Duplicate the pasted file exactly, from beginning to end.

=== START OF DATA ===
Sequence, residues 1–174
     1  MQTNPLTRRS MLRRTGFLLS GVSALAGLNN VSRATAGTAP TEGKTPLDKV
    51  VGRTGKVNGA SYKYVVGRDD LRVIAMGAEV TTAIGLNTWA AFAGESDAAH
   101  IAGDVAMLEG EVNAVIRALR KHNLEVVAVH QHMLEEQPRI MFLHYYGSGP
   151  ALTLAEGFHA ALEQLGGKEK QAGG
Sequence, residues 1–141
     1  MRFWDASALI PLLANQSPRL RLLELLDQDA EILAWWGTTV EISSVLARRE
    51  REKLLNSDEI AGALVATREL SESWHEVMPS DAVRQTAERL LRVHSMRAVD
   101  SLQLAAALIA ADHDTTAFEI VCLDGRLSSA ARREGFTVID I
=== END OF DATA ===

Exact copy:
Sequence, residues 1–174
     1  MQTNPLTRRS MLRRTGFLLS GVSALAGLNN VSRATAGTAP TEGKTPLDKV
    51  VGRTGKVNGA SYKYVVGRDD LRVIAMGAEV TTAIGLNTWA AFAGESDAAH
   101  IAGDVAMLEG EVNAVIRALR KHNLEVVAVH QHMLEEQPRI MFLHYYGSGP
   151  ALTLAEGFHA ALEQLGGKEK QAGG
Sequence, residues 1–141
     1  MRFWDASALI PLLANQSPRL RLLELLDQDA EILAWWGTTV EISSVLARRE
    51  REKLLNSDEI AGALVATREL SESWHEVMPS DAVRQTAERL LRVHSMRAVD
   101  SLQLAAALIA ADHDTTAFEI VCLDGRLSSA ARREGFTVID I